Lamb and Lynx Gaede, formerly known as the rock and pop music duo Prussian Blue, performing "The Stranger" at a European white supremacist festival in 2007. This would be one of the final performances by Prussian Blue. In 2011, Lamb and Lynx would publicly renounce racism and the white power movement.
Screen grab of Youtube video
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And while Lynx was appreciative of the experience of being in a band, she says that her and Lamb were largely uncomfortable with being superstars for the white power movement.
Lynx told The Daily:
I’m glad we were in the band but I think we should have been pushed toward something a little more mainstream and easier for us to handle than being front-men for a belief system that we didn’t even completely understand at that time. We were little kids.
Since moving to Montana, the lives of Lamb and Lynx have taken some very dynamic, colorful and interesting twists and turns. Some of these twists and turns have been downright frightening but were all formative experiences that would eventually transform the Gaede twins into the young women that they are today and gain them a measure of redemption in the public eye.
At the age of 14 and while in their freshman year of high school in Montana, both Lamb and Lynx were stricken with very severe illnesses. Lynx was diagnosed with cancer and had a tumor removed from her shoulder. She also suffers from cyclic vomiting syndrome. Lamb suffered from scoliosis and chronic back pain.
The Gaede twins received special state-issued medical cards that enabled them to legally obtain medicinal marijuana from licensed medical professionals and use it for its purported anesthetic effects in offsetting the extremely painful symptoms associated with their illnesses.
Montana is one of a few states that proscribes medical marijuana. Patients seeking to obtain marijuana for medical purposes must obtain a special medical card issued by the state. Physicians seeking to distribute marijuana for medical purposes must be licensed by the state.
The twins have spoken very highly of medical marijuana with Lynx even crediting it with saving her life. In a startling revelation, Lynx says
I have to say, marijuana saved my life … I would probably be dead if I didn't have it.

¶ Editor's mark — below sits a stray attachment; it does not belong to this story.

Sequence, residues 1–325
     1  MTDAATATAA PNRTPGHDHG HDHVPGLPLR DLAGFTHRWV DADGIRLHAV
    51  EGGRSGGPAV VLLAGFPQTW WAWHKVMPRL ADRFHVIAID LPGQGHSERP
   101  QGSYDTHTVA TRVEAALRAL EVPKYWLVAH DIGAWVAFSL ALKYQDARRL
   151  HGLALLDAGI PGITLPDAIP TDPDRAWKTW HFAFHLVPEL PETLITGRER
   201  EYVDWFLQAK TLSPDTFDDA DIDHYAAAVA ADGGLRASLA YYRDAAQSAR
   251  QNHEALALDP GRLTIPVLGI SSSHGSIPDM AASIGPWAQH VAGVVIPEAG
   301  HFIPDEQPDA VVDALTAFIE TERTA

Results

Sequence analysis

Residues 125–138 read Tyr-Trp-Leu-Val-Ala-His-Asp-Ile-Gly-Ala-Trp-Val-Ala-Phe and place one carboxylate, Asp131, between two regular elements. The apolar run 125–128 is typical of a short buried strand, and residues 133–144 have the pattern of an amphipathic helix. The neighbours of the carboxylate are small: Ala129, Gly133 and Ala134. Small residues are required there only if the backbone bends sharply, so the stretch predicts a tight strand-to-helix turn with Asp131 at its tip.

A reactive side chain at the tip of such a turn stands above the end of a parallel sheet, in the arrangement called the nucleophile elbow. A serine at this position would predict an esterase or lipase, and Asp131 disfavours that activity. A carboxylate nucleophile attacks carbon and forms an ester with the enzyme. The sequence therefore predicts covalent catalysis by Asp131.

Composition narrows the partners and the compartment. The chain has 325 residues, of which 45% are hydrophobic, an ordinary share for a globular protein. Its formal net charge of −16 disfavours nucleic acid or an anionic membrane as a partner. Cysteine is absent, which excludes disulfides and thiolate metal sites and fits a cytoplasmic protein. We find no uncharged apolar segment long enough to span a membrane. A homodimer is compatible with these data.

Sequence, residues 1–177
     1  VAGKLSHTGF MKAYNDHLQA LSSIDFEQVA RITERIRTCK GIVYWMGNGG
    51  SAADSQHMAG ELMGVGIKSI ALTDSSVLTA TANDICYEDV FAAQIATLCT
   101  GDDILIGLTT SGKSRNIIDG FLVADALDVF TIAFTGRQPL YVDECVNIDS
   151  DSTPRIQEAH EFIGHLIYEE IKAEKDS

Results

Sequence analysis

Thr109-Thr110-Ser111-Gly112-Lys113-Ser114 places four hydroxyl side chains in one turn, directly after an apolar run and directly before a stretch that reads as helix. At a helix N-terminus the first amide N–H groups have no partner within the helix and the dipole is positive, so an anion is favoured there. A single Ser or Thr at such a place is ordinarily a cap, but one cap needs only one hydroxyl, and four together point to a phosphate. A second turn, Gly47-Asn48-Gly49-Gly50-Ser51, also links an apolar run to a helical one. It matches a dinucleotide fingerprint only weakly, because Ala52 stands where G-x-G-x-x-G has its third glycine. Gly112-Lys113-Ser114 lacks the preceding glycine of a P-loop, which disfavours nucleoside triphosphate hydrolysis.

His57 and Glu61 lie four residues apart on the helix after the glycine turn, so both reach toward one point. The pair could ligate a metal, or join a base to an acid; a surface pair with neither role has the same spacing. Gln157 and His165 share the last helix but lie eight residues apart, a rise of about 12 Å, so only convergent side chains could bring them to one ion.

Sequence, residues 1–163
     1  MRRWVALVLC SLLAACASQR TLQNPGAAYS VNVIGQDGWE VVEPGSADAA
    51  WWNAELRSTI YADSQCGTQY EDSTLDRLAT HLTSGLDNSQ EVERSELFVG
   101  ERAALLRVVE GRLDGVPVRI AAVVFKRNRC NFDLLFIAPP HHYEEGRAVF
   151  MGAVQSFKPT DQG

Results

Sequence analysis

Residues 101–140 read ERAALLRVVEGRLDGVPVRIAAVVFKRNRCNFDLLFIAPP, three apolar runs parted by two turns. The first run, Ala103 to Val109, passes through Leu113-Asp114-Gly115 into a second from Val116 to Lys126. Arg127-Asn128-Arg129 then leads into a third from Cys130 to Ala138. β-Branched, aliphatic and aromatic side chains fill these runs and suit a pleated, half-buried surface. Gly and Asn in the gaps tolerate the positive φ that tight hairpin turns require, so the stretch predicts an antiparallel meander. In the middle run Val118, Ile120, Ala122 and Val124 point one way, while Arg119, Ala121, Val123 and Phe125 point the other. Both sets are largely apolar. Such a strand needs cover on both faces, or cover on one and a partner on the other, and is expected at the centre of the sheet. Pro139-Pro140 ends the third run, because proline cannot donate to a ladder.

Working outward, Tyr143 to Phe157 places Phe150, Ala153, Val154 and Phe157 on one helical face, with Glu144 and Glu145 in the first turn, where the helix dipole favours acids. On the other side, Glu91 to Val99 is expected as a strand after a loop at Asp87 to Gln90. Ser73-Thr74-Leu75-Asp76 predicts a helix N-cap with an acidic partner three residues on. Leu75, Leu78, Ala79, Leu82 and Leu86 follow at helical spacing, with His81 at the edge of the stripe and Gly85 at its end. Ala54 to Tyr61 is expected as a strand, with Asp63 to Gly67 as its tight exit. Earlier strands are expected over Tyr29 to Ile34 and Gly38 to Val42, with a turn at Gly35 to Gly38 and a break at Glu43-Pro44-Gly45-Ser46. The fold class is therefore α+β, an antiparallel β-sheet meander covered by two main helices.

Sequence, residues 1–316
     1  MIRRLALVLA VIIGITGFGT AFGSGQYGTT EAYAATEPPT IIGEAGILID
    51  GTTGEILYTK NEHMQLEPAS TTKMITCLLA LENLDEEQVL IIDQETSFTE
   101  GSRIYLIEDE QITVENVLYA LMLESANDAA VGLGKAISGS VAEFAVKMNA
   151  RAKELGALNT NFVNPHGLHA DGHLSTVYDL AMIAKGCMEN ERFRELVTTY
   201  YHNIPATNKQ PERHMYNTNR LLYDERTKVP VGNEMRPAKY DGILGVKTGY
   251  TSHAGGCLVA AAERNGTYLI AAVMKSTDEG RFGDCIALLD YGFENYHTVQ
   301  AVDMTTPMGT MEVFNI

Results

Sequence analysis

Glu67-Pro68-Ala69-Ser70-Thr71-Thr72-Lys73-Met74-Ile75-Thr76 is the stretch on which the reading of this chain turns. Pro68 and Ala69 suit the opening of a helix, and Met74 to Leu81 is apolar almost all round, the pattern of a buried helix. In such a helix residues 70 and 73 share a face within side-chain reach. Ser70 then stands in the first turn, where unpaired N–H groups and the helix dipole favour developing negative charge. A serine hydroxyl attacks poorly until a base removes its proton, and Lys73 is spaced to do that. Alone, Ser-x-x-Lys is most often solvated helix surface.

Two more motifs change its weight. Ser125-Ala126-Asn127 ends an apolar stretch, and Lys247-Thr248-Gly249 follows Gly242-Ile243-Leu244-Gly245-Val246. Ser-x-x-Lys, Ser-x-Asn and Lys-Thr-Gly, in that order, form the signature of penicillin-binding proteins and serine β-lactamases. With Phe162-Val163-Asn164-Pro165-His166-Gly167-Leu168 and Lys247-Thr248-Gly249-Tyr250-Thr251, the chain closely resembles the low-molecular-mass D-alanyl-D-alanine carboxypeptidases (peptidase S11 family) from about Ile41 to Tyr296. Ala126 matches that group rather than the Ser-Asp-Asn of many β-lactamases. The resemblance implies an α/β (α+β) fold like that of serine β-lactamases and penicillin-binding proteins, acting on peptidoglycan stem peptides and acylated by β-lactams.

The girls also credit their marijuana use for increasing their creativity and have traded in their microphones for paint brushes. Lamb and Lynx are now very passionate about art and have been channeling their creative energies into painting.
The Gaede twins have also changed their outlook on life and the people around them, particularly the white supremacist movement and persons of different racial, ethnic and cultural backgrounds. Lamb and Lynx now speak boldly of their love for diversity and different cultures.
How did they go from closed-minded white pride ideology to embracing all that humanity has to offer? What significant and seismic revelation or life event opened their eyes and changed their outlook on the world?
Evidently it was the public school system.
According to a report by ABC News, attending a public high school led to a complete 180 degree turn in their beliefs.
In statements made to a correspondent from the news agency Lynx declared:
It makes me proud of humanity every day that we have so many different places and people.
While Lamb proclaimed
We just want to come from a place of light and love.
She goes on to say
I think we’re meant to do something more – we’re healers. We just want to exert the most love and positivity we can.
The twins say that they now regret many of the things that they had said in the past.
According to a posting on her blog, April says that the public school system in Montana is 98% white. It is believed that this was a key factor that influenced her decision to allow Lamb and Lynx to attend a public high school.
Apparently the twins came in contact with the two percent of students who are not white or at the very least made friends with some vastly open-minded and worldly white students or perhaps they had some heart-to-heart talks with concerned but caring teachers or guidance counselors who were able to sway them from the path of hate.
Either way, the twins had finally rejected racist ideologies and are now changed young ladies. The dark spell had finally been broken.
Whereas Lamb and Lynx sang songs about racial pride in the past, they now sing the praises of diversity.
Thus the American public school system has once again shown itself to be the great equalizer and uniter of humanity.